Q: “Denise, this has been a very tough winter weather-wise, and I have a listing that could really benefit from some landscaping clean up. This is a vacation property in an out-of-the-way area so it has been on the market for a bit longer than I would have liked, partially due to the rough weather. Should I just go ahead and clean it up? My clients don’t want to put any more money into this property so I don’t see them doing it. What do you think?”
A: I would first see if your brokerage has any policy against your paying for work that is done on behalf of your client on their property. Personally, I think this leaves you open in terms of liability, but check with your brokerage and insurance. If all indicators point to “no” then you have your answer.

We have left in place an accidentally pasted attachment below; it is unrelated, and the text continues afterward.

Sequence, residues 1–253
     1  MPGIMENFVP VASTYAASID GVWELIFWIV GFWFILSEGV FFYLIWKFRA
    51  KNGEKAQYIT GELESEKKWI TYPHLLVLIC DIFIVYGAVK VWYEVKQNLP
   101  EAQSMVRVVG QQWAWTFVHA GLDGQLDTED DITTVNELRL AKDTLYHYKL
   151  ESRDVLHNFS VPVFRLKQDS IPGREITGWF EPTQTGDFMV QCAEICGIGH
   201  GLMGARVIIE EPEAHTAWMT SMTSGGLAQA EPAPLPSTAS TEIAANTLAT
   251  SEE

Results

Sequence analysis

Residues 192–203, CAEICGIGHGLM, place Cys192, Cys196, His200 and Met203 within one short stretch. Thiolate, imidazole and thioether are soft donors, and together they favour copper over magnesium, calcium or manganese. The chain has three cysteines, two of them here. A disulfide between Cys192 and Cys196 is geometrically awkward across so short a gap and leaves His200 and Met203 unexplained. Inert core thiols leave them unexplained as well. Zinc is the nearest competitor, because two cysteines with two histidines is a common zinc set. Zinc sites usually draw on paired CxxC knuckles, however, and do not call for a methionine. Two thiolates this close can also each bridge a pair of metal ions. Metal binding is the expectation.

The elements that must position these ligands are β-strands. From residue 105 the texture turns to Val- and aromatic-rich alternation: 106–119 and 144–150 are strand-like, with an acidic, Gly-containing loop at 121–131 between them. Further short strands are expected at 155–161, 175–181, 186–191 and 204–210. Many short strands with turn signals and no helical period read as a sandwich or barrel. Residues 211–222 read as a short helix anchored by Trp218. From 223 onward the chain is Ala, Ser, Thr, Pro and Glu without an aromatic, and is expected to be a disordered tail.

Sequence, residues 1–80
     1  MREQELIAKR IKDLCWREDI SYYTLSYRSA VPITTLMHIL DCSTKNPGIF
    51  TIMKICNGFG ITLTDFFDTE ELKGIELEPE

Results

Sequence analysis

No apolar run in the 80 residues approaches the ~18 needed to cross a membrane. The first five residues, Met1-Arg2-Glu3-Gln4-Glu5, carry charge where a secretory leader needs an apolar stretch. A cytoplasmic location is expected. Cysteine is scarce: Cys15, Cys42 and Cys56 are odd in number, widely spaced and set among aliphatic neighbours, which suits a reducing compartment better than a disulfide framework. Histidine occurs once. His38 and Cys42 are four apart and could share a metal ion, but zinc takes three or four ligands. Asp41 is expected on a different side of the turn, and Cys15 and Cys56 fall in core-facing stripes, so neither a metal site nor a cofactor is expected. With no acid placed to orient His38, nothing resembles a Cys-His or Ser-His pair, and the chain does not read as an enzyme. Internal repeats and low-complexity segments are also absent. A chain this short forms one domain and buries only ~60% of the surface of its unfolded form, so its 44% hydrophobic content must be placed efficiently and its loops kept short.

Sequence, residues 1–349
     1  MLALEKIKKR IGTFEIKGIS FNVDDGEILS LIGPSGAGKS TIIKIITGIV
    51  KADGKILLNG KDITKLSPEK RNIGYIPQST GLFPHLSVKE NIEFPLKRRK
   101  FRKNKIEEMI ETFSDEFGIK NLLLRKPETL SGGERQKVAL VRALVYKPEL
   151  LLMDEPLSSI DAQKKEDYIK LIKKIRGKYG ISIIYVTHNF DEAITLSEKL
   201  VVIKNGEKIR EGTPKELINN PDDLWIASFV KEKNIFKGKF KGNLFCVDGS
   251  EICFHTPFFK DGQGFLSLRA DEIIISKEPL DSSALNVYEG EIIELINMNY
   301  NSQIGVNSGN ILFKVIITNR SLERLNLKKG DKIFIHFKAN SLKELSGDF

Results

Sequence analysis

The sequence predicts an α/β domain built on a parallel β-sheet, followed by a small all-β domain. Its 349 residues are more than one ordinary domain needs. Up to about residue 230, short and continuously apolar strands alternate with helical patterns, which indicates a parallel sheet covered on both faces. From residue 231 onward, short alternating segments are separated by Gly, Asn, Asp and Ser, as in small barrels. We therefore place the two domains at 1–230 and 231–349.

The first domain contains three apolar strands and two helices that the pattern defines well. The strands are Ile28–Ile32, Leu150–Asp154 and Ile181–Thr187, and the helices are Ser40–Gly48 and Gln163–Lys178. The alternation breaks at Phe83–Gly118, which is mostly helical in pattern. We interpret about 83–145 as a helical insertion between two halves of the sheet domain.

But let’s assume that isn’t the easy answer and you are still wondering what should be done because you might think, “I have a leaf blower, pruning shears, and a rake. I can make easy work of this.” But what if you get hurt on their property? What if you inadvertently knock down a power line? What if you prune a tree and it dies as a result? I know I am being extreme, but when you are performing duties that are in excess of your real estate duties like this, it leaves both you and your client exposed.
Furthermore, if you are thinking about doing this yourself, I have to ask why. I know you want to get the listing sold, but you should really have an agreement with sellers that they need to keep the property in a certain condition in order for you to sell it. This may vary depending on the area, price point, etc, but you need to think ahead and ask yourself the “what if” questions when you take a listing so you don’t find yourself in this position, trying to solve problems that are not yours to solve.